Proclaiming Jesus through education and Christian formation.

Sisters in Ministry May 2011
Sister Pat Lynch: A presence of joy for college students


She did her student teaching at Ursuline Academy in 1971, but that was the last year the school was open. Ursulines began the school in 1896, shortly after arriving in Paola. “I’d hoped to have a future at the Academy,” she said. “It was heartbreaking for all of us.”

She was among five sisters who took classes at Avila during the day, then came home to be dorm prefects. By 1970, the population was declining and there were fewer sisters, partly because some of the sisters who taught at the Academy left the community. “Closing the Academy was sad, but it was necessary,” she said.

Lakemary Center

Sister Pat and Bill Ericson, a Lakemary Center resident, visit on Sept. 25, 2009. The former Ursuline Sisters of Paola were honored that day during the 40th anniversary celebration of the Lakemary Center in Paola, Kan. Sister Pat ministered at Lakemary for 13 years, and serves on the Lakemary board.

While the Academy was ending, the Lakemary Center was a new beginning for the Ursulines, opening in 1969. It is a residential facility for children with developmental disabilities.

With the Academy closed, Sister Pat worked at Lakemary in 1971-72 as a speech therapy aide. “I didn’t know speech pathology existed,” she said.

Sister Pat immediately fell in love with the children of Lakemary. She went to the University of Kansas to earn her master’s degree in speech pathology, and returned to Lakemary in 1974 as a speech pathologist. She filled that role until 1981, then served as education coordinator until 1986.

“Lakemary got bigger, it got better and better,” she said. It expanded to include adult services. “It’s still serving more than 500 people with disabilities now.” While Lakemary is no longer an Ursuline ministry, Sister Pat remains on the Lakemary board of directors.

“It taught me patience,” she said. “The eight years I did speech pathology, I would be astounded to see a 3-year-old talk, because I was so unused to that. I think they are a gift to me.”

Learning to grieve

After 13 years at Lakemary, the community asked Sister Pat to become the formation director. “I said, ‘I’d like to get some training.’ I normally did the job first, then got the training,” she said. She went to a Formation Institute in St. Louis, which offered her a chance to heal that she didn’t know she needed.

“It was like a sabbatical. I was tired, but I didn’t know it,” she said. “I was trying to pray, but I was having a hard time. Thoughts of my mother kept coming to me. God was helping me heal. I thought I’d done well in coping with her death, but I didn’t know I had all this grief inside me I hadn’t expressed.”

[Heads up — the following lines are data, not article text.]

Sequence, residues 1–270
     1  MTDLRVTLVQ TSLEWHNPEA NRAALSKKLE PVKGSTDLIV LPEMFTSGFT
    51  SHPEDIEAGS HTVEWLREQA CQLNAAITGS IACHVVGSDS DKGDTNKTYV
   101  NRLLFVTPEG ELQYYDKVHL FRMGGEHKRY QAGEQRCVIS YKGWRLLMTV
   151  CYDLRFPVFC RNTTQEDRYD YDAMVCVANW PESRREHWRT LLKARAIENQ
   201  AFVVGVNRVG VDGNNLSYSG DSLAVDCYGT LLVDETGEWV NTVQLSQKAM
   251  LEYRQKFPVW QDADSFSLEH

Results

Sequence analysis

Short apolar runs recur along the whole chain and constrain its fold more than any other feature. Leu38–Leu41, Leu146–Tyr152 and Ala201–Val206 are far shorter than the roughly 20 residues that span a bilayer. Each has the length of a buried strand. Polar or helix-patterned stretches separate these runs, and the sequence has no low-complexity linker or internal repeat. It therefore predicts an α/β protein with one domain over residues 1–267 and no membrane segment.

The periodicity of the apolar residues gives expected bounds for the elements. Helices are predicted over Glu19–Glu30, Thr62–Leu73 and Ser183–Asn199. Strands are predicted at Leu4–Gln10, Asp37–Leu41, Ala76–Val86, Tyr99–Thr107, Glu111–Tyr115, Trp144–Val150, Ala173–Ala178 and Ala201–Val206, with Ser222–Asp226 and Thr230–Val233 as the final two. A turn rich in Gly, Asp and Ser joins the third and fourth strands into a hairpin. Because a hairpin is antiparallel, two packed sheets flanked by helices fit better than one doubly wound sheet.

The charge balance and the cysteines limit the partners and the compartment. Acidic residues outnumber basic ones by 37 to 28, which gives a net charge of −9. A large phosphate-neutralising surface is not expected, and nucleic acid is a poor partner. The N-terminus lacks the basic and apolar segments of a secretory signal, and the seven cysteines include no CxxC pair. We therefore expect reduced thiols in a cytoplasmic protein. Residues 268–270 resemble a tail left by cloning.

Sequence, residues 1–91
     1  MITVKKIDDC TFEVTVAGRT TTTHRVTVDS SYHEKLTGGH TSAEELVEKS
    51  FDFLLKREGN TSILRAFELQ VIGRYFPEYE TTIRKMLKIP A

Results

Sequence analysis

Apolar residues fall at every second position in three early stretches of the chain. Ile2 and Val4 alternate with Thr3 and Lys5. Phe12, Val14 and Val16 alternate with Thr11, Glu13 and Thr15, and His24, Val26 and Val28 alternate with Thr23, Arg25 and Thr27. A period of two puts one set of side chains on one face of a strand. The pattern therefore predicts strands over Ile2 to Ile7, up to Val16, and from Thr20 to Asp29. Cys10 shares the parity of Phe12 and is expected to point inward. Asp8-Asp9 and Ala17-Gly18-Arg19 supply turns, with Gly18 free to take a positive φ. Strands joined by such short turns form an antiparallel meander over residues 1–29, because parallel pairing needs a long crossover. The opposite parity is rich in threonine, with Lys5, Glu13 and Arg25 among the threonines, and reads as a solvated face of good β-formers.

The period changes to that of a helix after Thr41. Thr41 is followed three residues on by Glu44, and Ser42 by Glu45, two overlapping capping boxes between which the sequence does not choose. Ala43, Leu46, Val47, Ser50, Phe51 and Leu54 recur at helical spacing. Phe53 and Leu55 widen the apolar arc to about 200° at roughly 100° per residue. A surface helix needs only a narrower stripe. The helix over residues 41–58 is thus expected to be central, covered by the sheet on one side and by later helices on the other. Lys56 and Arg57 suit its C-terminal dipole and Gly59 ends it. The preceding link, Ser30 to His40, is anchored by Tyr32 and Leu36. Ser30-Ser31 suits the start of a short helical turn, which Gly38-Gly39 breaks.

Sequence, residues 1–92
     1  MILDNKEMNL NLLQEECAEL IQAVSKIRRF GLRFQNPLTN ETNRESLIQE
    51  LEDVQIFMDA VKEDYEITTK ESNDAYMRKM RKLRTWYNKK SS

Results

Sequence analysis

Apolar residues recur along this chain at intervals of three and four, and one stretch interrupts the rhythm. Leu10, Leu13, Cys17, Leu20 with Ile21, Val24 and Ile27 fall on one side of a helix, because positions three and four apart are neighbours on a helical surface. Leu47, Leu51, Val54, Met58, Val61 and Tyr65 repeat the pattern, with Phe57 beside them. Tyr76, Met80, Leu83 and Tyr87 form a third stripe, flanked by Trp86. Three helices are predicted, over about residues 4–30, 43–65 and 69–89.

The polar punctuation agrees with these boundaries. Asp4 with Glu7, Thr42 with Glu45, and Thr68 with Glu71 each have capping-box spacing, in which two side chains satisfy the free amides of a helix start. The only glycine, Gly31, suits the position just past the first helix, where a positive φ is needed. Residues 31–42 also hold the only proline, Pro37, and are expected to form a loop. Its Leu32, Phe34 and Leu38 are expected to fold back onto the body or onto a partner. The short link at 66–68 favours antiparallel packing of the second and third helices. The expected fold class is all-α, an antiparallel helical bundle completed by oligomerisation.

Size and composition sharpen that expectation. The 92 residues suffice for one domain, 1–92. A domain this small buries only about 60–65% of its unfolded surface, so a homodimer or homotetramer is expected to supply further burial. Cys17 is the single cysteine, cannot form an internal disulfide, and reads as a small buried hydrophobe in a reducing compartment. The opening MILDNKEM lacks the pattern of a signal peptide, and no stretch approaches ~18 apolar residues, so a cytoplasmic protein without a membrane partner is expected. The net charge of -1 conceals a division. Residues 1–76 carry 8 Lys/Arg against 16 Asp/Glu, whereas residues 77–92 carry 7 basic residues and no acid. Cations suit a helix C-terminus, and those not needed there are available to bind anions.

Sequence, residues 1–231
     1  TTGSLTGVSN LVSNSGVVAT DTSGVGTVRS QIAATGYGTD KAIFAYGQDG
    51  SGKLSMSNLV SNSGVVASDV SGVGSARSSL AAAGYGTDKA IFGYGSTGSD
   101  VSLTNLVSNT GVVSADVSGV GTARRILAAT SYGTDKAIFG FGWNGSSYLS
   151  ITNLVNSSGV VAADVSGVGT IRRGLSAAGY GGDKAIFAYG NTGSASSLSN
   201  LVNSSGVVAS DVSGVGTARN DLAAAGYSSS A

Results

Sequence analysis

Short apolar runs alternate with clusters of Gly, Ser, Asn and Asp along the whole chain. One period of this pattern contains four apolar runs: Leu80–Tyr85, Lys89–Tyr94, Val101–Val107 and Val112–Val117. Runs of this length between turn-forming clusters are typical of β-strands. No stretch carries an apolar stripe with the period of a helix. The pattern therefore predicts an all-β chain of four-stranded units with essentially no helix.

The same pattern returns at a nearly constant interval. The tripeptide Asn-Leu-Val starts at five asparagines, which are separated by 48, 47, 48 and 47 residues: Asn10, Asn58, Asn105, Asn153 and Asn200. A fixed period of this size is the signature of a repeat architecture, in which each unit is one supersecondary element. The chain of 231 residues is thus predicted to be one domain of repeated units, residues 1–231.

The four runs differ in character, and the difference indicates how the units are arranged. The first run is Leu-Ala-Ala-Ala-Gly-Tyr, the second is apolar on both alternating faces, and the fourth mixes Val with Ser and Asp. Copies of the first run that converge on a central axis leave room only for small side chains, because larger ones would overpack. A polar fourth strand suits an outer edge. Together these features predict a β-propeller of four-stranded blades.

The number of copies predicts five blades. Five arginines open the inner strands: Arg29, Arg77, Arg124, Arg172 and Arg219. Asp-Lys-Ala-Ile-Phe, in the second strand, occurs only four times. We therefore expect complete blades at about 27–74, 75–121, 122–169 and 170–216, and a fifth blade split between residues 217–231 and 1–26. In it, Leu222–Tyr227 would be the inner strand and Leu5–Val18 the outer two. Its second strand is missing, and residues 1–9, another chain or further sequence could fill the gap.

She took a grief seminar, and her spiritual director suggested she write a letter to her mother. She couldn’t write the letter. “The only memory I had of her is in the casket, or trying to climb on her lap,” Sister Pat said. “My mother’s family decided to have a reunion, they’d never had one before. I had a first cousin who wanted to go, I rode with her. I wanted to talk to people about my mother,” she said. “It was a rainy day, I looked over my shoulder, and there was a huge rainbow.”

Sister Pat Lynch, right, talks with Amy Fisher, one of the student outreach ministers at the Didde Catholic Campus Center at Emporia State University in Emporia, Kan.

She found out her mother was very fun-loving. She learned her mother met her father when she worked at TWA, and helped him get home.

On All Souls Day, the presider at Mass was Father Joe Gillespie, the seminar teacher on grief. He quoted a poem that was discovered written in a concentration camp: “Go out into the woods one day, and weave for yourself a wreath of memories. And when the tears obscure your eyes, know how good it is to be alive.” Sister Pat wrote down the words in her bible. During that year, she said she cried in her room every night. “As I would pray, I would cry. I never felt alone, I always felt God’s presence. It just takes as long as it takes to mourn a loss. You have to get it all out.”

“At the end of the academic year in the institute, we were required to make a 30-day retreat,” Sister Pat said. “It was during that retreat that I finally wrote the letter to my mother. On Mother’s Day, I took my letter to the woods, buried it, and put flowers on it. That whole year was such a gift,” she said. “God wants us to be healed. When I went back to Paola, the sisters said, ‘You look different.’”

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